Since 2021, the internationally acclaimed visual artist Cally Spooner has been an associate research fellow at O—Overgaden, developing a long-term itinerant project —moonlighting as choreography, sound, book, rehearsal, philosophy study, and opera.
A main focus of Spooner’s project is asking how “performance”—the 24/7 demand to competitively “perform” (well) at all times, whether on social media, at work,or through efficient sleep—has come to govern our social bonds. And, not least, asking how such metric governance might be resisted by adopting other models of time. Can alternative temporalities subvert standard, constantly ticking, ‘chrono-normative’ clock time by appearing dead, unscheduled, out of sync, undetectable, in a state of rehearsal, or even by insisting on durational longevity?
As an installment of this ongoing project, the exhibition at O—Overgaden Duration explores the potentials of “durational” or long-term collaborations. Spooner’s existing work DEAD TIME (Maggie’s Solo) (2021), a large-scale, architectural projection of a solo dance to camera, serves as a main work as well as a backdrop against which new work and conversations develop. Among these, protagonist of the film and long-term collaborator, dancer Maggie Segale, evolves DEAD TIME (Maggie’s Solo) into new choreography during a three-day public workshop held on September 21–23 (3–5pm); Will Holder closes an ongoing talk series with Spooner in O—Overgaden’s O—Rooom; and Spooner workshops an immersive soundtrack with local children.
Incessantly audible in the exhibition, the 43:59-minute DEAD TIME (Maggie’s Solo) is structured by a loud beep that repeats every 42 seconds. Like the beep in the submarine classic Das Boot, the harrowing soundtrack of time ticking away holds the potential to awaken a feeling that we (the audience members) are under pressure, the dancer is under pressure—time is pressure. Following this “tune”, the choreography opens with a high-pitched mix of contemporary gladiatorial activities: jabs, burpees, and rugby moves. Even running in circles while on the floor, Maggie’s movements suggest a painful and pointless circular acceleration, a self-inflicted, impossible pace.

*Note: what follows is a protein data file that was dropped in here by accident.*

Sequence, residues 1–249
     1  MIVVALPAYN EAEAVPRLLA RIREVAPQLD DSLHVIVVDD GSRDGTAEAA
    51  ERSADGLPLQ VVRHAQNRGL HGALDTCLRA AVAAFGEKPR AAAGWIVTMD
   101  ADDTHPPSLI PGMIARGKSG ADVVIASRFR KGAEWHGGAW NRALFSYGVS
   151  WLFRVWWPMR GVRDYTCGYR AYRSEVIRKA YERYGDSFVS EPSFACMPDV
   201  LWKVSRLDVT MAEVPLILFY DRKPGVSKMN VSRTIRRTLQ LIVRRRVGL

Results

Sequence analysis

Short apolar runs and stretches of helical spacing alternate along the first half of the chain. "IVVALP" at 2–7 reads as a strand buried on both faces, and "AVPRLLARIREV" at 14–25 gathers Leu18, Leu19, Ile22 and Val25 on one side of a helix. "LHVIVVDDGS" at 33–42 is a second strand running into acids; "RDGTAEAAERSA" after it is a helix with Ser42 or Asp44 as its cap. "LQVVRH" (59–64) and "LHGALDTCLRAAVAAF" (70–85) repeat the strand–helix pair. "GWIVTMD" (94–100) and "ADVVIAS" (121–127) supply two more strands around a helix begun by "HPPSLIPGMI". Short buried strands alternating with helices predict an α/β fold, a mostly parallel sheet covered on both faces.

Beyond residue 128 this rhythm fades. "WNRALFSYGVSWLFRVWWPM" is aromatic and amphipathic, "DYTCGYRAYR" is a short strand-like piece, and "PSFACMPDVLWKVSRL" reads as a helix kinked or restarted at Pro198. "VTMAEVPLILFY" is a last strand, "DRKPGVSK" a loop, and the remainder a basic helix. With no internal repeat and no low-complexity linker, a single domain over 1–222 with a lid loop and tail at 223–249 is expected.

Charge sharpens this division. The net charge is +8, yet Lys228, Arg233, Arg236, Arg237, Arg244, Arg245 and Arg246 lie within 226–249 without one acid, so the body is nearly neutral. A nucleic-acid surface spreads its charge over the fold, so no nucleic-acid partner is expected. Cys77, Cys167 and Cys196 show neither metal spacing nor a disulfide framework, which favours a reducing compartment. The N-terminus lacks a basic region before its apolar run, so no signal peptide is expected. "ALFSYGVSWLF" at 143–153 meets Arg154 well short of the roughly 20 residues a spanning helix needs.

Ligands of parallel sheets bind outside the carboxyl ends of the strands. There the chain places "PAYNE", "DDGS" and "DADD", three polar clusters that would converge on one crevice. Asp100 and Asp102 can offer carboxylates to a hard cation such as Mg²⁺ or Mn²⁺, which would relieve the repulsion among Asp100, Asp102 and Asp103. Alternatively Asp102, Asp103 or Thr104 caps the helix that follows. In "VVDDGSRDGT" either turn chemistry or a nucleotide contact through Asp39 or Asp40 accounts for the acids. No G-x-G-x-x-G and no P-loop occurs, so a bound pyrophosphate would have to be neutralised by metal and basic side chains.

Maggie’s movements follow the repeated choreographic instructions of a voice (Spooner’s voice): “Jackal”, “Stop”, “Still Life”. Broadcast in the first space, this soundtrack is encountered long before the large-scale screen in the back space becomes visible. The uncontainable sound of Maggie’s body thus spills over, engaging the visitor before the sight of the film. On screen, the extreme close-ups of Maggie’s limbs, heavy breathing, and intense studies of her face are chased by the cinematographer carrying a wearable body camera. Falling in and out of focus, the images flicker between rehearsal documentation and rushes of a beautifully composed “still life” or rugby moves caught in film shots of high commercial quality.
Crawling out into O—Overgaden’s transitional spaces—the street entrance, event space (O—Rooom), and stairway—a new sound installation, Principles (2023–), provides an entry into this scenario. Collaborating with young children, the piece contains their fussing voices, cheerfully counting, excitedly showing (off) their new skills. The immediately endearing, recognizable sound of children counting (learning how to cut lived duration into measurable time) makes it difficult not to count along. Synced to the repeating beep, the piece invites a long series of questions about when and how children are socialized into the metric norms and pace of society; when and how school grades, economics and math set in—these institutional, societal standards or the so-called “reality principle”, prompting the title Principles.
Cally Spooner (b. 1983, UK) is currently PhD research fellow at O—Overgaden, in association with the Royal Danish Academy of Fine Arts and the University of Copenhagen (2021–24). Spooner’s series of essays A Hypothesis of Resistance—the last of which will focus on Duration as does her exhibition—has been workshopped collectively at O—Overgaden and is published by Mousse Magazine. Spooner has recently presented shows at the Art Institute of Chicago; the Swiss Institute, New York; Castello di Rivoli, Turin; the New Museum, New York; and the Stedelijk Museum, Amsterdam.
The exhibitions are supported by